Tuesday, September 24, 2013

Lintz Lake Recreational Site, Northern BC

No moose but a great time off the grid.  I'd driven up a couple of weeks before leaving my Rockwood Mini Lite RV in storage at Southbend RV and Mini Storage.  (Good people. Safe inexpensive place.)
Now I drove my truck  up with the Honda 250 off road on road motorcycle in the back.
We'd actually shot  grouse on the way up, bagging two with one shot near Clinton. Gilbert would never forgive me if I let one go.  He's really a grouse hound.  Runs in great circles after jumping on the one bird and making sure it's down.  These grouse were intereting.  In the past they flew into the trees but these all seemed to fly a little and then run. Maybe genetic selection. Most got away.
After the long drive I arrived at 10 pm, too late to get the RV so  stayed at the nearby Caravan Motel in Quesnel . (Good people, clean, friendly, safe place).  I'd listened to Paterson's exciting thriller Private London on the way up.  Love Patterson. Love audio books on a long drive.
After a night in the motel I picked up my RV heading out on Blackwater logging road.  It's an easy gravel road drive with no surprises.  There are a number of off road Recreational sites all through the Omineca hunting zone where spike fork moose were open along with mule deer bucks.  These recreational sites are usually just a clearing, some have a picnic table and there may or may no be an outhouse.  I have the Northern BC off road map and the sites were as marked there.
Only one other camper in the area.  I talked to other hunters and they'd said that the good weather was allowing the game to go to bed early. Not a great omen but one other fellow I talked to had shot a young buck. No one had seen moose.  They may not have migrated down south that early but I didn't have the time to drive further north either.  It's also a lot to do with fate, luck or God's blessing.  Hunting isn't just about getting game either. It's the journey as much as anything.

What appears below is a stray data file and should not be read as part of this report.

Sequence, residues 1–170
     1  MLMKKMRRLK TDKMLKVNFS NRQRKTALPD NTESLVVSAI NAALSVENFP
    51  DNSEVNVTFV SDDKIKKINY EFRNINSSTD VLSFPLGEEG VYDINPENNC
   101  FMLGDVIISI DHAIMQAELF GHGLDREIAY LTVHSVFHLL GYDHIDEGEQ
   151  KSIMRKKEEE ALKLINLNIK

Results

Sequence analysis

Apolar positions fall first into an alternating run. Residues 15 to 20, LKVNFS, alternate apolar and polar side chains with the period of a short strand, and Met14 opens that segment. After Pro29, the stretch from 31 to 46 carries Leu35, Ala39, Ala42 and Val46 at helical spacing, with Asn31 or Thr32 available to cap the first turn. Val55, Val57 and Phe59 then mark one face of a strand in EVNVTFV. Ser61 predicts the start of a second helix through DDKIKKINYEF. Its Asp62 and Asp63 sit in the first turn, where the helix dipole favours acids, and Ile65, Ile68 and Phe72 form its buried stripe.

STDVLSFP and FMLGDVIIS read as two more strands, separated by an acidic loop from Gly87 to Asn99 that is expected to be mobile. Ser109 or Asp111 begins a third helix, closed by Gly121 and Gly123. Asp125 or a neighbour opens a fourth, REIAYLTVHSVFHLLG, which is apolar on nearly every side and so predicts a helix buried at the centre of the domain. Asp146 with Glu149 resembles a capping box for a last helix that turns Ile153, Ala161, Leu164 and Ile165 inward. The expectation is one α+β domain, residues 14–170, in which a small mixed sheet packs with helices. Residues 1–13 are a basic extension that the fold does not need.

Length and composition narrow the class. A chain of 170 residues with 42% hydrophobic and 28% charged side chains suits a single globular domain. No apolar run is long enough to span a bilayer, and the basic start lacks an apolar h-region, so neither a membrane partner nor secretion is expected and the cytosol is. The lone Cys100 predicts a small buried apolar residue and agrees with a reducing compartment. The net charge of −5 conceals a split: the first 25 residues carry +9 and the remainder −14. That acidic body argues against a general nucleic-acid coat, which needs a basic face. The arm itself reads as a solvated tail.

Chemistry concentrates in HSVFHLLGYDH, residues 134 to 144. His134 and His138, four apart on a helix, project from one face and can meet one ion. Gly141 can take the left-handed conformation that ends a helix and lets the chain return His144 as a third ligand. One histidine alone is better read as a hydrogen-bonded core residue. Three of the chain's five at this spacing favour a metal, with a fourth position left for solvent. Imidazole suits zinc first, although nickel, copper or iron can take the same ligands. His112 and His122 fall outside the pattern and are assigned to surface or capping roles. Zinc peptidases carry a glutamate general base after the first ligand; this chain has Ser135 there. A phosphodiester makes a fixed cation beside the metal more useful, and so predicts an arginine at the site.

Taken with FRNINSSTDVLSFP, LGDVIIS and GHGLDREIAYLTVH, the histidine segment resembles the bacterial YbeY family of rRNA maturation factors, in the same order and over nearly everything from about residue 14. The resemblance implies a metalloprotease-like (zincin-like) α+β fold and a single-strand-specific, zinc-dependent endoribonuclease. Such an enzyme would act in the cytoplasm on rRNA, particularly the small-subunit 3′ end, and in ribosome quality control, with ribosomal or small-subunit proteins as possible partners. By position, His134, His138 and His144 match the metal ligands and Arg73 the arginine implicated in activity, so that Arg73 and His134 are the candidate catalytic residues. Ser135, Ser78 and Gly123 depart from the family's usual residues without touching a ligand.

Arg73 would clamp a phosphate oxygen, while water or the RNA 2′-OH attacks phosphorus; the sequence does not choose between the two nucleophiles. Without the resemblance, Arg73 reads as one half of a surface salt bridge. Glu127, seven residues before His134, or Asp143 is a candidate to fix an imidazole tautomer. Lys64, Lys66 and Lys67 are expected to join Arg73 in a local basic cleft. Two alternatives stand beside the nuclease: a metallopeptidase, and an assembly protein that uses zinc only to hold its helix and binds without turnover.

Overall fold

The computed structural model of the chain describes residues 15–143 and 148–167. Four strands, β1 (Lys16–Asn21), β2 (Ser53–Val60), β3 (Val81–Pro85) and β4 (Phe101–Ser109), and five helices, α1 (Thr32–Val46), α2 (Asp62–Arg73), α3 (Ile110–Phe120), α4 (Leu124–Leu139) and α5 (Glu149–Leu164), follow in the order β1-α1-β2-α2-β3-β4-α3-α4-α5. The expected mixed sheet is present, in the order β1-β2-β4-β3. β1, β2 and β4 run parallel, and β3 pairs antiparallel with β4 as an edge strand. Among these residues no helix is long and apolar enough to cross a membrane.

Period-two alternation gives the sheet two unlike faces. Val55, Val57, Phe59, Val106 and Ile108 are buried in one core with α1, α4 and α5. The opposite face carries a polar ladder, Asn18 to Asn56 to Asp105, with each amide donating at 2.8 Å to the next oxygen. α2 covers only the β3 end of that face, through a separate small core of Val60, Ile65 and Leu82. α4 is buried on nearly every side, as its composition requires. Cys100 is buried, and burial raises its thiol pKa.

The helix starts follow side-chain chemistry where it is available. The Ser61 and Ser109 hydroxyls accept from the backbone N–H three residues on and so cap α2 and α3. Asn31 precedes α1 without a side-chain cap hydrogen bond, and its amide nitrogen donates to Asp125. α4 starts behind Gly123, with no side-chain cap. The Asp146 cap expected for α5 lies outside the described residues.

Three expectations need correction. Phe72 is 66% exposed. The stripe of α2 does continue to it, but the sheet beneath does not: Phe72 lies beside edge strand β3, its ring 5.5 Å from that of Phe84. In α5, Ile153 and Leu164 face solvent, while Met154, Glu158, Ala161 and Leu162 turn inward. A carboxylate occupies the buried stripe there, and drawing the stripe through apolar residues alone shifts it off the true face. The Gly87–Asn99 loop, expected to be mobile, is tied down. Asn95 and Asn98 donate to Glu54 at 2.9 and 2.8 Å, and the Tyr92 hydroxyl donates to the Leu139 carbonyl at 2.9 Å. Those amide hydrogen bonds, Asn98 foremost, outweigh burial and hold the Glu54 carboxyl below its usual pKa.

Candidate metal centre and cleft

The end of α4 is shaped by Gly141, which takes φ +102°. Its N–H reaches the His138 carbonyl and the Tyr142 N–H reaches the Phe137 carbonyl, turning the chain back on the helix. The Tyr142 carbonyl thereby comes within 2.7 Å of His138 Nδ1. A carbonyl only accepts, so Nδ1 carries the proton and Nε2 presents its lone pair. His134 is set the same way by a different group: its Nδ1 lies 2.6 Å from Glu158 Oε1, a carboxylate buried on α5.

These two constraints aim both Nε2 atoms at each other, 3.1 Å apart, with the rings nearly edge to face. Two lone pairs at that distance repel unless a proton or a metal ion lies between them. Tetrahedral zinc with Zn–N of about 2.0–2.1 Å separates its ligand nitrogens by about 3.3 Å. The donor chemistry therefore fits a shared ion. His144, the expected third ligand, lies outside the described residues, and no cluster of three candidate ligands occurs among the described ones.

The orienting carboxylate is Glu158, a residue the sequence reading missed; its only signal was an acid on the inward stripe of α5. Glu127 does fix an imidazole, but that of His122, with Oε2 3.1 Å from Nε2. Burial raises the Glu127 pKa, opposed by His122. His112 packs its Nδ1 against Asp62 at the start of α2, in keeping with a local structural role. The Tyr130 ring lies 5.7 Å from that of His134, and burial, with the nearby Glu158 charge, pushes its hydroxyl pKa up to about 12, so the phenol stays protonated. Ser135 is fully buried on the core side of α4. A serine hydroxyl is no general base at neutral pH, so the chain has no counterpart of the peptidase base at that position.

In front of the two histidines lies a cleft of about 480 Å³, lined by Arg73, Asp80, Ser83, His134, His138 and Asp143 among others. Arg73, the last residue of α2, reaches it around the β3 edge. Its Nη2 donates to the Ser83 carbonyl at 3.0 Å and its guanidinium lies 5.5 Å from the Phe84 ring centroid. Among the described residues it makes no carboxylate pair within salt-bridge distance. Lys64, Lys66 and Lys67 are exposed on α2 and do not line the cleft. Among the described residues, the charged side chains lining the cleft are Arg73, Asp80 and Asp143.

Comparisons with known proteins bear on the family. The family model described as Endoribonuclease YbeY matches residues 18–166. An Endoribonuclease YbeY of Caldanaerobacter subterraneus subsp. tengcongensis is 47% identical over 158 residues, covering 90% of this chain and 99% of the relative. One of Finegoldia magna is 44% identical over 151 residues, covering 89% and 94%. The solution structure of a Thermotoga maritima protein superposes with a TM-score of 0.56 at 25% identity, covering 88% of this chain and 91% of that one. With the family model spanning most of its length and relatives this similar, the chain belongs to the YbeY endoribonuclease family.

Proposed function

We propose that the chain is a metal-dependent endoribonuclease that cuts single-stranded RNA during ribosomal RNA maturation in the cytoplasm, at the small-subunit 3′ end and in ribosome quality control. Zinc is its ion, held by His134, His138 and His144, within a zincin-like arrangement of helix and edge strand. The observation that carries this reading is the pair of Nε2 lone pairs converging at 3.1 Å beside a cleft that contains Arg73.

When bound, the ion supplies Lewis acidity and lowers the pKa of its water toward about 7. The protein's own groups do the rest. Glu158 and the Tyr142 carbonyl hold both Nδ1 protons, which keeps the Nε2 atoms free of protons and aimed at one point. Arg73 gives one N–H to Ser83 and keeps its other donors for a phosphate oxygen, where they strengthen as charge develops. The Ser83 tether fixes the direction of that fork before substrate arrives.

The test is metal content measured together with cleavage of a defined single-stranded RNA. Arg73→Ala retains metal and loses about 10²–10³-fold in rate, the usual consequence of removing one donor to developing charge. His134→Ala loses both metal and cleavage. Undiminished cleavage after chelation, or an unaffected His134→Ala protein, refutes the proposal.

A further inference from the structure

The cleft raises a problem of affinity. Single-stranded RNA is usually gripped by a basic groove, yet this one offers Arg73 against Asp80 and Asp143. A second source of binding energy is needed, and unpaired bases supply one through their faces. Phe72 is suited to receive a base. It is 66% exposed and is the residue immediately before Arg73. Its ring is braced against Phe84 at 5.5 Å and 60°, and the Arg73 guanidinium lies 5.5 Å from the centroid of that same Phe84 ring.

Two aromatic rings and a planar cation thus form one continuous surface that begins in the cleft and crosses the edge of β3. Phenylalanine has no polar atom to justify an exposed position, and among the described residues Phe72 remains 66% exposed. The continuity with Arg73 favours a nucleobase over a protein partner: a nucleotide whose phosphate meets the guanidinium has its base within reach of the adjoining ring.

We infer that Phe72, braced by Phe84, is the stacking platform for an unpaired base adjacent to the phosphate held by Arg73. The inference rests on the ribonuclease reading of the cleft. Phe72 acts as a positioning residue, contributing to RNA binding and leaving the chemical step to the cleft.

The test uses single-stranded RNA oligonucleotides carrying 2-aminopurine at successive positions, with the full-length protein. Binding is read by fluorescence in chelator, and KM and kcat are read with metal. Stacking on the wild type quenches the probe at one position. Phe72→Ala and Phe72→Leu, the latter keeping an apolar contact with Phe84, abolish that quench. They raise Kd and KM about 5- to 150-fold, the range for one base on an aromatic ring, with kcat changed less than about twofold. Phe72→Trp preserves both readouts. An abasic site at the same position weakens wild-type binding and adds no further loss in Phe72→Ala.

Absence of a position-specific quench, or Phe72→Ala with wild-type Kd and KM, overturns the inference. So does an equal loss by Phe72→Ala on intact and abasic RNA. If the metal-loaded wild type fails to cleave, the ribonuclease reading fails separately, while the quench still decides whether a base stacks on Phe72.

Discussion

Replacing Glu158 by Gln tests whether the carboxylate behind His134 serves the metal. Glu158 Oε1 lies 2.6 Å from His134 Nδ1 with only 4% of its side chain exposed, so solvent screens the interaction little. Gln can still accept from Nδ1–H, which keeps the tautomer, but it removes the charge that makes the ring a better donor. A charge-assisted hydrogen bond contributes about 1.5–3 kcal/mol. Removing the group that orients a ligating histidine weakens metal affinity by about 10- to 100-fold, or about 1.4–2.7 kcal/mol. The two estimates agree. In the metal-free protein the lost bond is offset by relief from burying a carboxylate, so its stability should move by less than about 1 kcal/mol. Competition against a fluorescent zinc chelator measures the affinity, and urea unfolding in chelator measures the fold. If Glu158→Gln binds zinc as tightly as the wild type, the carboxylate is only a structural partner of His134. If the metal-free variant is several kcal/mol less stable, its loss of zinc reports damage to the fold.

I drove Blackwater trail to Pelican trail and then to the Lintz Lake.  I off loaded the motorcycle.
I liked setting up camp.  Sunny day.  Lovely lake.  Blue sky.  Beautiful view.
I used an electric pump with hose to the lake  to resupply the  RV water tank. I love my Honda 2500 generator.  With an adaptor I had it hooked into the RV  charging the batteries and running everything.   The propane supplied the fridge, heater and stove. I had hot water, electricity, lights and showers.  Roughing it.  I like the 'roughing it' part.  I really was off the grid, no cell service, no internet, but I had my Satellite Phone and kept in touch with my assistant Hannah.
That first night  I explored   in the truck and walked some.  With dark I continued out to Berkley beyond West Lake to  the outskirts of Prince George. I'd come about 80 km from the camp. I wanted to fill up with diesel for more truck driving about and to  have some more gas for the generator.  I'd planned on passing through Vanderhoof before getting to the wilderness but taking the Blackwater Road never got back to civilization.  Finding the Lintz Lake RV site I stopped. I'd never been in this area. That's what hunting is about. A lot of exploring.  And this was truly fabulous country.  Gorgeous lakes, pines, spruce, rolling hills.  Canada's north at its finest.
On the ride back to camp at night I saw a couple of wild cats in the head lights, chased a bear a bit, and had some deer cross. (I thought they were bobcats but I just looked up pictures and they had to be young cougars by appearance.  Bobcats had short tails and these two critters had long tails but must have been young cougars by their size, about half that of a full grown adult cougar. Similar face and ears though. Actually matched a cougar with winter fur with what I saw so expect that's what they were, with winter fur coming in - pretty exciting to see)   During the day all the game would be sleeping after frolicking away the night.
It rained through the night. Riding the motorcycle with Gilbert on back the next day was precarious.  Slippery so couldn't go fast.   Hard to look up though with the slick mud roads.  Seeing a grouse I had to stop.  Let Gilbert out of his box.  Load the 20 gauge Bolito shot gun and then hope to shoot.  We missed several grouse with the motorcycle because of the timing. There were rabbits too but I never even got the shot gun loaded before they were off. The deer and rabbits I saw never stopped moving.
On Sunday morning at dawn I was sitting for an hour in a blind on a hillside before stalking about.  Still nothing.  More grouse.